As a new bike rider (one speed Schwinn) riding about 10 miles around my neighborhood each morning, I am wondering if the White Rock Creek Trail will be too much for me. Is it very hilly? I guess I could turn around at any point, but if it is just one hill after another, I would like to save myself a drive from Carrollton. Can anyone help?
After a near-death experience on Katy Trail (I am NOT kidding) I decided to avoid that kind of congestion and the proliferation of headphone-wearing joggers, and stick to the road less traveled. This trail affords over 20 miles round trip; from it's northern parking lot, south around White Rock Lake, and back. It's far from crowded, and has the additional side trip of the almost-open (April 2011) Cottonwood Creek Trail, which joins this trail south of Forest, just north of the DART bridge. Cottonwood has the added distinction of riding under the High Five (!) and offers a great way to clock some extra miles if you want them.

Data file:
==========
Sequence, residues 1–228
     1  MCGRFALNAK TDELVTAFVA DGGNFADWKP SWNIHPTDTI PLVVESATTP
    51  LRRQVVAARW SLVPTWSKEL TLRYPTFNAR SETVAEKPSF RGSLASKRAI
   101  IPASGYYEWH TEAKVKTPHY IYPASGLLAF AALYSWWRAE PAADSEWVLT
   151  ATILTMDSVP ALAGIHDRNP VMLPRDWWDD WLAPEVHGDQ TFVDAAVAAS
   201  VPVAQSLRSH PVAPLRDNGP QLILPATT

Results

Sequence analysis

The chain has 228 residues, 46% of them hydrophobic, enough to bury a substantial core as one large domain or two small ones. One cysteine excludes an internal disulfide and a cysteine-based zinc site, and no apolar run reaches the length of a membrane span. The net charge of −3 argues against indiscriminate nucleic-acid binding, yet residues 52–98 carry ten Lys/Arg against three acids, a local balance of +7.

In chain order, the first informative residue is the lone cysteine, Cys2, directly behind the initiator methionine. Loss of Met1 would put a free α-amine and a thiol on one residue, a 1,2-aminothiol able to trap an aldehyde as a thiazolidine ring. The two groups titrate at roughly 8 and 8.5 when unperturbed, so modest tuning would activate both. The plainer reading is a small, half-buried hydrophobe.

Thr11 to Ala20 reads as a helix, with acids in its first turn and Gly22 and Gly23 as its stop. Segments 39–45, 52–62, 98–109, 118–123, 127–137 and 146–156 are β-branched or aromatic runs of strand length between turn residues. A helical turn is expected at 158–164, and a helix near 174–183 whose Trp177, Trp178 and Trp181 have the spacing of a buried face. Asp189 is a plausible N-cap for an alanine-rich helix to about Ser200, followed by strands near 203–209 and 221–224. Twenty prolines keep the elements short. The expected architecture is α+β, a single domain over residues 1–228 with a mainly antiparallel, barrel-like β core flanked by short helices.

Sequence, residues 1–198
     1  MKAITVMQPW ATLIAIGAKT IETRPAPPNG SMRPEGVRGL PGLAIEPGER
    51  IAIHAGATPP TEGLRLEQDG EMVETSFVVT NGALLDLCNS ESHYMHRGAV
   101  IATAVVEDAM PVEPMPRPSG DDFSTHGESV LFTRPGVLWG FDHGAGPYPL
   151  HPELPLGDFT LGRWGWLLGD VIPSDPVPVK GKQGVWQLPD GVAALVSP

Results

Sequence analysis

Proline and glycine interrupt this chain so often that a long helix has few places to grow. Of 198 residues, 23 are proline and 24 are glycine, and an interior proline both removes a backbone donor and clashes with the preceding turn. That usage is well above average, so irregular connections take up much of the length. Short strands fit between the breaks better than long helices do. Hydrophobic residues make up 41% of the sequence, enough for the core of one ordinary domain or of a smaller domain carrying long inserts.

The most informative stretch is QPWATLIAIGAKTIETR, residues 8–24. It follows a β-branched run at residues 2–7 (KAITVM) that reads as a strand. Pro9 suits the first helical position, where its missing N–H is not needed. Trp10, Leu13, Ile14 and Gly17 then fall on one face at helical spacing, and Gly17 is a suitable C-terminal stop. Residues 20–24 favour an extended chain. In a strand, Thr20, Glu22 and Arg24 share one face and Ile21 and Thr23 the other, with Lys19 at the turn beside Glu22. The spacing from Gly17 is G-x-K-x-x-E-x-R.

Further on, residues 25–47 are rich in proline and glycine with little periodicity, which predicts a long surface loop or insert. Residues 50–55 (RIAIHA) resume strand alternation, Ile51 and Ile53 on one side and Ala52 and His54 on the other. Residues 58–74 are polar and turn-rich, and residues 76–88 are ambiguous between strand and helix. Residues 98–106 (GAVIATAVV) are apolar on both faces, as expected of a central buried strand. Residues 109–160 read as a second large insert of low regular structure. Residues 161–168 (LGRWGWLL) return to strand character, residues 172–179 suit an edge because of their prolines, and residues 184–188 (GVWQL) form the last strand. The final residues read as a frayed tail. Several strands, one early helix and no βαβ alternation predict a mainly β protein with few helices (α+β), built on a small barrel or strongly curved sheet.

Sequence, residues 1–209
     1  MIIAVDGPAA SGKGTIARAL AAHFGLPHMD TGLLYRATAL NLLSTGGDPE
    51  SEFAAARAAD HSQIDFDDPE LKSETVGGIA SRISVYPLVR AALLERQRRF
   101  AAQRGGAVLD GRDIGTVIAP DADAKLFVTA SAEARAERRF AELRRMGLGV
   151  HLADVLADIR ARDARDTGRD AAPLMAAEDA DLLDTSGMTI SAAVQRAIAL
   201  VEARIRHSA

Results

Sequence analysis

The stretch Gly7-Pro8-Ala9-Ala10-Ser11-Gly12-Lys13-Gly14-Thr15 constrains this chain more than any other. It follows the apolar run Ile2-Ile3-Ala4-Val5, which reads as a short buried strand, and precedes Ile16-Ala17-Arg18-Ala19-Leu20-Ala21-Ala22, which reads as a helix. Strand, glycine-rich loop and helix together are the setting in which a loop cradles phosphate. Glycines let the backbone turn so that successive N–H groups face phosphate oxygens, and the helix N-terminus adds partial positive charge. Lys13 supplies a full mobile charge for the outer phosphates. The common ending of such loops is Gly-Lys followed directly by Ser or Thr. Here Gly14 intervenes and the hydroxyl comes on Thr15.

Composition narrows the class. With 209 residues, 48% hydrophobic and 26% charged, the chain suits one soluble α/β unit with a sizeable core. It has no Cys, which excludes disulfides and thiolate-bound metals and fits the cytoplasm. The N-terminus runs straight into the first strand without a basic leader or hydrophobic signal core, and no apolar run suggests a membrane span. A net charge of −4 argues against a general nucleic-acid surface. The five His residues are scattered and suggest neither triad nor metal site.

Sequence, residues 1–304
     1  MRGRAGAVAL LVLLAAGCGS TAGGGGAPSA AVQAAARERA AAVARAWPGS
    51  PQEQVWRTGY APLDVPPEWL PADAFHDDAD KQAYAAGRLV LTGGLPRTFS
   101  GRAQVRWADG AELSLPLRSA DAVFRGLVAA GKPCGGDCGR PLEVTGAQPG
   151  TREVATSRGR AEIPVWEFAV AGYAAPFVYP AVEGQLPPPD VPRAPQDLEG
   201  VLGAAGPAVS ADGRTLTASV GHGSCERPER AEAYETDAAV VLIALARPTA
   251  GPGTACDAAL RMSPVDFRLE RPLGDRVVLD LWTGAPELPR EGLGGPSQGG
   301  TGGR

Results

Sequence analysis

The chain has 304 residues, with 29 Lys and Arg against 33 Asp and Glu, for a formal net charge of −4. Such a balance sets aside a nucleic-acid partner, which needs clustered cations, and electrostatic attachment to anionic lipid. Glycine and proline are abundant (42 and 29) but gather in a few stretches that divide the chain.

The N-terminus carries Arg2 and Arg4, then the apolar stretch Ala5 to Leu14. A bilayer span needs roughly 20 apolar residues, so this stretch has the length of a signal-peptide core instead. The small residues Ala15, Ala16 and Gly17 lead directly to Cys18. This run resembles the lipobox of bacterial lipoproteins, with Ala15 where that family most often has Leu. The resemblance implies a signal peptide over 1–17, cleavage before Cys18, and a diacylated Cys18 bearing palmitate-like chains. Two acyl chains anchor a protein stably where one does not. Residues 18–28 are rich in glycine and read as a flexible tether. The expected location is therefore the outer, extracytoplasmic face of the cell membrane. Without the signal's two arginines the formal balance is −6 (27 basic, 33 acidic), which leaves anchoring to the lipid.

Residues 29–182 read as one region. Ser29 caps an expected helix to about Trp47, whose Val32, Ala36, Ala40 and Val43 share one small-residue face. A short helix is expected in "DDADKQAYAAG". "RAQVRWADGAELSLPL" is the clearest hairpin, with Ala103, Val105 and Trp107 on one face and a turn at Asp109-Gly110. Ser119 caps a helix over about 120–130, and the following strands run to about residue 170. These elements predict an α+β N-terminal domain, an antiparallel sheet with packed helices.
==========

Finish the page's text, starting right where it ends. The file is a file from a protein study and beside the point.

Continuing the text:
While the amenities on WRC don't compare to the lush Katy, neither do the crowds. And it's roughly four times longer. You can hum along at 20 mph for mile after mile. White Rock Lake, which can attract crowds, is always a visual treat and well maintained.
A codicil: Summer of 2011 they are rebuilding the surface of this trail between Forest and Greenville. It won't be shut down, but it will have a blacktop temporary trail on the side while they widen and rebuild the concrete one. This is in the general area of the connection to Cottonwood.
I think of downtown trails like Katy as short & high density, and these Northern routes as long open spaces. You'll find plenty of creek views and no hills to speak of, while ducking under an occasional overpass to remind you that you are, indeed, still in the city. It's a fun way to rack up some miles.